As more Americans approach retirement age with meager savings, many might consider tapping their home equity. After all, on average, Americans have more net worth in their homes than in financial assets, according to a recent report from the Boston College Center for Retirement Research (CRR). But are recent and near retirees taking advantage of this equity to help fund their retirement?
Not really, according to "How Americans Manage Their Finances," a recent report from the University of Southern California (USC) in collaboration with the Society of Actuaries. The USC report found that by late 2015, fewer than 1 percent of Americans age 62 and older had taken out a reverse mortgage -- a financial tool that lets you borrow against your home equity and not repay the loan until you sell the house or die.
Reverse mortgages have been receiving a lot of fanfare lately as aging boomers look for ways to finance their retirement and lenders use persuasive ads to pitch their products. Reverse mortgages also received a boost recently with lower-cost loans being introduced as a result of new government regulations and as thoughtful analysts such as Wade Pfau have discussed how they can be a viable part of a retirement income portfolio.
The USC report shows that far more older Americans are using their home equity in traditional and conventional ways. Most older Americans own their home -- 74 percent of those 60 to 69 and 87 percent of those 70 and older. Of these homeowners, 34 percent in the 60-to-69 group and 56 percent of the 70 and older group owned their homes mortgage-free.
Of older Americans with mortgages, most plan to pay these loans off, according to the current payment schedule (57 percent of people 60 to 69, and 70 percent of those 70 and over). Most haven't refinanced their mortgages in the past three years and don't plan to refinance, saying they're close to paying off their mortgage, their current interest rate is already quite low or there's not much potential to save money.
Owning your home mortgage-free gives you control over your living expenses. By paying off your mortgage, you'll live rent-free, with no landlord raising your rent or asking you to move. Retirees who've paid off their mortgage have substantially lower living expenses compared to both renters and owners with a mortgage, allowing their Social Security and retirement savings to go much farther each month.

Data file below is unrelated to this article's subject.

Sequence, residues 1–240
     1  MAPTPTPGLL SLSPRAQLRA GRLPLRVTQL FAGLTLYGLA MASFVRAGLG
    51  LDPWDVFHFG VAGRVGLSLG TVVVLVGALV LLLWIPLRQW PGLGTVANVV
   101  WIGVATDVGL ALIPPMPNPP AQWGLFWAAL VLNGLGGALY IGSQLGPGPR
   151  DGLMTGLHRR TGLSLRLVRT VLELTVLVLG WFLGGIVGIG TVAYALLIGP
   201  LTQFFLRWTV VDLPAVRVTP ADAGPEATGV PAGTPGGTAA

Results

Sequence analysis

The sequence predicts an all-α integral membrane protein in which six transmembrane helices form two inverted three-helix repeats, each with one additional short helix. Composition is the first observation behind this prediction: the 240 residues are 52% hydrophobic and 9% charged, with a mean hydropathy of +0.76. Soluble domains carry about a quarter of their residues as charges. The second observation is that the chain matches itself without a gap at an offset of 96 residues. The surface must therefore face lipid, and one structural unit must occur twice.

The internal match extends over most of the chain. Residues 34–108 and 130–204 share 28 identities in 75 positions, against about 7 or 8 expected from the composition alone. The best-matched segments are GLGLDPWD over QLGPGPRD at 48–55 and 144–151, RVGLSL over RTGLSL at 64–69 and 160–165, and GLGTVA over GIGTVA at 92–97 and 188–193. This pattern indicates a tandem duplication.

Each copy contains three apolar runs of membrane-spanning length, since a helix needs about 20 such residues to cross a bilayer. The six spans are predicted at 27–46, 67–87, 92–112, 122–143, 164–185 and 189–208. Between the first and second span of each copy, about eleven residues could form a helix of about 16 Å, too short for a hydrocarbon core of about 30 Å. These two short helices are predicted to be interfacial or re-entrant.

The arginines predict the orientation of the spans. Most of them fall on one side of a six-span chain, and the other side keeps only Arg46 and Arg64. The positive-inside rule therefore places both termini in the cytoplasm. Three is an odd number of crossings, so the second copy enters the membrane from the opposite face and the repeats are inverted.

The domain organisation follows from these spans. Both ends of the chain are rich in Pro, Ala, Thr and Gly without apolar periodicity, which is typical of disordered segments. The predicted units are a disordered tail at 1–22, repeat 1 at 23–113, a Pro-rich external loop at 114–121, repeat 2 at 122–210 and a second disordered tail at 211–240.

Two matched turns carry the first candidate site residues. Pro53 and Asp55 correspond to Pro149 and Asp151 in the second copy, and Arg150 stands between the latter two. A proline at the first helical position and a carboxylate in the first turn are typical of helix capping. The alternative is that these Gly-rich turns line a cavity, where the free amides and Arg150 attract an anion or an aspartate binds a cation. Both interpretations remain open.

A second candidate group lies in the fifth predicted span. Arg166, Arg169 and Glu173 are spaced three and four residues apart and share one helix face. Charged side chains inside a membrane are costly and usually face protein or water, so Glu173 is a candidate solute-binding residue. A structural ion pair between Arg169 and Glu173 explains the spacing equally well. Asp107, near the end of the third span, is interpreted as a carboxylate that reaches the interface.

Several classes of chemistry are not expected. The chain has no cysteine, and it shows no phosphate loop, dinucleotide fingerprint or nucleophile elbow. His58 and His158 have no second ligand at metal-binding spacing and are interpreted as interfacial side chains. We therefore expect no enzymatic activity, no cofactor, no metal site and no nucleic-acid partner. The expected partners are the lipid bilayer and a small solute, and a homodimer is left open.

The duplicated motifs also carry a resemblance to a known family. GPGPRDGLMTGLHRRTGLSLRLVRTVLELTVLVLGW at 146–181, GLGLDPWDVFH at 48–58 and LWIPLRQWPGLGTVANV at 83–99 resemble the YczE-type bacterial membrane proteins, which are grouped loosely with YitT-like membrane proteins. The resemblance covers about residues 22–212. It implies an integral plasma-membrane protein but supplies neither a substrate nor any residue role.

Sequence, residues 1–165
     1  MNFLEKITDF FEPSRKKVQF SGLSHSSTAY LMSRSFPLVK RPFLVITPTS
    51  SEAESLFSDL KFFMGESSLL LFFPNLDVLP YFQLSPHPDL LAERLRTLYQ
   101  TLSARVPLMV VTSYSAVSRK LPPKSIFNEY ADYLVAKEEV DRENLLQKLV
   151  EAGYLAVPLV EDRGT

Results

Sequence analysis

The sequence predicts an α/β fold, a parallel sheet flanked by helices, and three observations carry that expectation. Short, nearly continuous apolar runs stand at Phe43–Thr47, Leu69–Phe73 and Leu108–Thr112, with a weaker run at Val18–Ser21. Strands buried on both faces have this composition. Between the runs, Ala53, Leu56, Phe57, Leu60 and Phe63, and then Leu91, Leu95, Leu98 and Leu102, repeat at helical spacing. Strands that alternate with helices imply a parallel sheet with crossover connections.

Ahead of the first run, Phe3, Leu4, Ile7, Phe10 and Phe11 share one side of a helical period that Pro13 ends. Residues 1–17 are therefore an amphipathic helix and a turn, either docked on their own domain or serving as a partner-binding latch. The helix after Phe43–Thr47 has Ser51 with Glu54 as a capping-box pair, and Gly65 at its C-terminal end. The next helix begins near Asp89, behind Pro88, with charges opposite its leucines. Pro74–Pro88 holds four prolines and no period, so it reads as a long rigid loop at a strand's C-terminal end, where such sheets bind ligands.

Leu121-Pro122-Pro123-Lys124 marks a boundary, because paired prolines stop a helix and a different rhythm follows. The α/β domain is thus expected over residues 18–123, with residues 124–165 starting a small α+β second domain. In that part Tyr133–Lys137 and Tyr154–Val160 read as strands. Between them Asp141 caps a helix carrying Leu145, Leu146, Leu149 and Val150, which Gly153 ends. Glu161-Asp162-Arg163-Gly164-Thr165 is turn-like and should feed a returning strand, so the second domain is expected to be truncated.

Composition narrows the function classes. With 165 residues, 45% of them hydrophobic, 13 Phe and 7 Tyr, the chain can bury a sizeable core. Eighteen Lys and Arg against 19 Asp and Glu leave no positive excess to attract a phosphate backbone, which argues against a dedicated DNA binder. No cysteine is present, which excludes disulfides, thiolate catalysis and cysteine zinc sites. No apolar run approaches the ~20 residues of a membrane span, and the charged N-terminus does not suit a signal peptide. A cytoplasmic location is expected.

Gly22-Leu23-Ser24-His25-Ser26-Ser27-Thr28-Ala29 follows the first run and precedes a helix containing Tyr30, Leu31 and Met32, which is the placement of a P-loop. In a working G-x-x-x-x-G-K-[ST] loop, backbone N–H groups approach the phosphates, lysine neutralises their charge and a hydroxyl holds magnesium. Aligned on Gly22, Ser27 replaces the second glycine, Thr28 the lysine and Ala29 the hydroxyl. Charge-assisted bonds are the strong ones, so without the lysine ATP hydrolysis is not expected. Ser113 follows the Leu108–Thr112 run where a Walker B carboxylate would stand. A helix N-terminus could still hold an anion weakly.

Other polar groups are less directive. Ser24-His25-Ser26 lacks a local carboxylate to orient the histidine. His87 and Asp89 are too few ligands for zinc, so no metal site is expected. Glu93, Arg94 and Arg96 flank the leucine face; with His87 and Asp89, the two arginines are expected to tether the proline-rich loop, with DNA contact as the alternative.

Paying off your mortgage and not taking a reverse mortgage also allows you to hold your home equity as a reserve you can tap later if you really need the money to pay for medical or long-term care expenses. At that time, you'll have the flexibility to determine the best way to tap your home equity, through a loan, reverse mortgage or simply selling the house and cashing in the equity.
If you don't need to tap into your home equity, it can serve as an inheritance to leave your children or charities.
Indeed, the USC study confirmed that many Americans are already using these strategies. When older survey respondents were asked why they hadn't taken out a reverse mortgage, the three most prevalent answers were:
- They didn't need a reverse mortgage (60 percent)
- They wanted to preserve home equity for heirs (31 percent)
- They wanted to preserve home equity for an emergency fund (14 percent)
If you're considering a reverse mortgage, it's important to do your homework before going through with it. For instance, using a reverse mortgage to pay for long-term care expenses has one big problem: Most lenders require at least one owner to be living in the home. If all owners move out of the house and into assisted living, the lender can terminate the mortgage.
The CRR report discusses the pros and cons of various ways to tap your home equity, including details on reverse mortgages. It's a good place to start doing your research into the most appropriate way to tap home equity given your unique goals and circumstances.
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